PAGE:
Track topics on Twitter Track topics that are important to you
(J Card Surg ****;**:**-**).
Department of Cardiothoracic Surgery, New York University School of Medicine, New York, USA.
This article was published in the following journal.
Name: Journal of cardiac surgery
Rupture of aneurysm of sinus of Valsalva into the right atrium mimicking tricuspid valve endocarditis is a rare presentation. We review a case of spontaneous rupture of aneurysm of sinus of Valsalva i...
This report describes a unique case involving an obese 16-year-old boy with a mosaic form of trisomy 13 and no previous cardiac history who presented with a new murmur, hypertension, pleural effusions...
We retrospectively analyzed 65 patients who underwent surgical repair of sinus of Valsalva aneurysm over the last 27 years.
Sinus of Valsalva aneurysms are unusual, particularly when located on the left coronary sinus. They are mainly asymptomatic, however once ruptured, they are associated with high mortality. We present ...
Ruptured sinus of Valsalva aneurysm is rare and dangerous in parturients. Few cases of ruptured SVA in pregnancy are reported, and the anesthetic management for cesarean delivery has scarcely been des...
The aim of this investigation was to assess the value of Systolic Time Intervals (STIs) as a method of detecting Left Ventricular Dysfunction (LVD) in patients admitted to ...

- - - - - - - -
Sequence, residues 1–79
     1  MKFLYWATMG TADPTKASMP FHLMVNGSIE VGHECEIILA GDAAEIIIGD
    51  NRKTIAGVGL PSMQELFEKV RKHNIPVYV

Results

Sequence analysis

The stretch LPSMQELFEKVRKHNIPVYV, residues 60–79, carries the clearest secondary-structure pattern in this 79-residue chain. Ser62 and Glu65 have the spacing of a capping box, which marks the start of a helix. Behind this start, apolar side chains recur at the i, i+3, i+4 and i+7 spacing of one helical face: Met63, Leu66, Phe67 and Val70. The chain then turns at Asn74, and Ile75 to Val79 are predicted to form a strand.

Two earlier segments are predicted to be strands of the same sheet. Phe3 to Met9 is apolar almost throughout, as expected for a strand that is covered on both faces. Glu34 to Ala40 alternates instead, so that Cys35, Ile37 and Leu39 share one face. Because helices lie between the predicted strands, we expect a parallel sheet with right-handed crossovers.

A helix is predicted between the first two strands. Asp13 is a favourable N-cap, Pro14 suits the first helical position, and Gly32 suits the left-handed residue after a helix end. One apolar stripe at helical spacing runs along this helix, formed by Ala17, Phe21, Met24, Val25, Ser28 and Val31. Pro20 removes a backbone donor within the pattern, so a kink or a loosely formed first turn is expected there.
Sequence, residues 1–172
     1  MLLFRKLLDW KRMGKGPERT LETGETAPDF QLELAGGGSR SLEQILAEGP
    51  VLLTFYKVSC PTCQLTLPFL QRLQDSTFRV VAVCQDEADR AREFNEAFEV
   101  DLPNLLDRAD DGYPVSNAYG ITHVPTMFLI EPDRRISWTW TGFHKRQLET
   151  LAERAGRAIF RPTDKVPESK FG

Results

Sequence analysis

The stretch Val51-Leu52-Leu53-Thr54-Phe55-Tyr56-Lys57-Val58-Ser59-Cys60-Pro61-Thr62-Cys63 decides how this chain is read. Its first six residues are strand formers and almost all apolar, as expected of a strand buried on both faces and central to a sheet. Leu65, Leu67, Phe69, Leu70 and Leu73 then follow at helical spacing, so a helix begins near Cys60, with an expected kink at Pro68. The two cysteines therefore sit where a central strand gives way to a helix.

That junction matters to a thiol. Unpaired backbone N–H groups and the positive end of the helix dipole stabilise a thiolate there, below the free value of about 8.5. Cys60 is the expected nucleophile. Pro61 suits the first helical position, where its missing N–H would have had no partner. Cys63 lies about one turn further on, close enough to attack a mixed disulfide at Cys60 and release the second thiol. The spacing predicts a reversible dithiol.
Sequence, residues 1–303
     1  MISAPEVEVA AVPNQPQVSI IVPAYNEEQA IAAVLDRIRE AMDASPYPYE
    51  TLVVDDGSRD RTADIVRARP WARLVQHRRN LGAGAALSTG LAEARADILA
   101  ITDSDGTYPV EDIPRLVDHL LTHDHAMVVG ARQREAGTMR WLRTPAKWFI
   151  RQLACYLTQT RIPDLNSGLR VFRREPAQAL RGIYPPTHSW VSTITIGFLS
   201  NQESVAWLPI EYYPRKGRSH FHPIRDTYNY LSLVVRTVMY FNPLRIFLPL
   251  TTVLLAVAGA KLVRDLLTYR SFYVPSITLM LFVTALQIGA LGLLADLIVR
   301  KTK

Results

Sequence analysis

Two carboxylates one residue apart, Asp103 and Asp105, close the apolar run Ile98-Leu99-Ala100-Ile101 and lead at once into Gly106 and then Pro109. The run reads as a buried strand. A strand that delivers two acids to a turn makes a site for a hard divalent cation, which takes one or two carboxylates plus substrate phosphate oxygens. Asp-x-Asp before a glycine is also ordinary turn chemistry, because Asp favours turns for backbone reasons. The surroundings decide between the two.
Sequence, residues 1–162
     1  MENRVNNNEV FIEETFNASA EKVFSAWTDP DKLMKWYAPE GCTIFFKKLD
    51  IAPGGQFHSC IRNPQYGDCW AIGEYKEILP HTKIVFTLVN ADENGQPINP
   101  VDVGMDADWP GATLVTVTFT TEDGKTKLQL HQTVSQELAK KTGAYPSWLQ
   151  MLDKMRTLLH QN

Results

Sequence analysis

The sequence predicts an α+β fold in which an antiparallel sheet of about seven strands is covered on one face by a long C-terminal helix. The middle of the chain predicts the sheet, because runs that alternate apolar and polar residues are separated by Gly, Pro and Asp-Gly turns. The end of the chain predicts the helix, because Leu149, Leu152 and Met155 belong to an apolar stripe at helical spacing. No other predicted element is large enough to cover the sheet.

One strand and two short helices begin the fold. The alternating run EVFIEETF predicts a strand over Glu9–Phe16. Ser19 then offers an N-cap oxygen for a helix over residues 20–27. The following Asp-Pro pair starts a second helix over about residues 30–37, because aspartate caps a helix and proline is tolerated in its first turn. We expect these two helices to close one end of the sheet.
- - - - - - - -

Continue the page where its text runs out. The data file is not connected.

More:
Hemodynamic instability was controlled in 27 patient during carotid stenting and it was showed that hemodynamic instability can be predicted by Valsalva maneuver before stenting and hemody...
The purpose of this prospective registry is to determine if patients harboring intracranial aneurysms have any predictive markers between aneurysm wall tissue, cerebrospinal fluid and bloo...
Hypothesis- Radiofrequency ablation, targeting the sympathetic input of the sinus node identified by 20Hz stimulation at the junction of the superior vena cava and the right atrium, will e...
The purpose of this trial is to assess whether the new endovascular repair technique of the abdominal aortic aneurysm (AAA) is an adequate substitute of the conventional AAA repair.
The dilatation of the aortic wall behind each of the cusps of the aortic valve.
The formation of dentin. Dentin first appears in the layer between the ameloblasts and odontoblasts and becomes calcified immediately. Formation progresses from the tip of the papilla over its slope to form a calcified cap becoming thicker by the apposition of new layers pulpward. A layer of uncalcified dentin intervenes between the calcified tissue and the odontoblast and its processes. (From Jablonski, Dictionary of Dentistry, 1992)
Air-filled spaces located within the bones around the NASAL CAVITY. They are extensions of the nasal cavity and lined by the ciliated NASAL MUCOSA. Each sinus is named for the cranial bone in which it is located, such as the ETHMOID SINUS; the FRONTAL SINUS; the MAXILLARY SINUS; and the SPHENOID SINUS.
Aneurysm due to growth of microorganisms in the arterial wall, or infection arising within preexisting arteriosclerotic aneurysms.
Formation or presence of a blood clot (THROMBUS) in the SUPERIOR SAGITTAL SINUS or the inferior sagittal sinus. Sagittal sinus thrombosis can result from infections, hematological disorders, CRANIOCEREBRAL TRAUMA; and NEUROSURGICAL PROCEDURES. Clinical features are primarily related to the increased intracranial pressure causing HEADACHE; NAUSEA; and VOMITING. Severe cases can evolve to SEIZURES or COMA.